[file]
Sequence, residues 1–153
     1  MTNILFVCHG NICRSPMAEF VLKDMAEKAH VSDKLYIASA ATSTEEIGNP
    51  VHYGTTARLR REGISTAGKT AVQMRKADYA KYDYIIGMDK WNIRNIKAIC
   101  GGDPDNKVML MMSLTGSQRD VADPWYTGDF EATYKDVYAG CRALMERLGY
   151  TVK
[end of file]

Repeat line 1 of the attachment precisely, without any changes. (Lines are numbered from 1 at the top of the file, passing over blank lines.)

Sequence, residues 1–153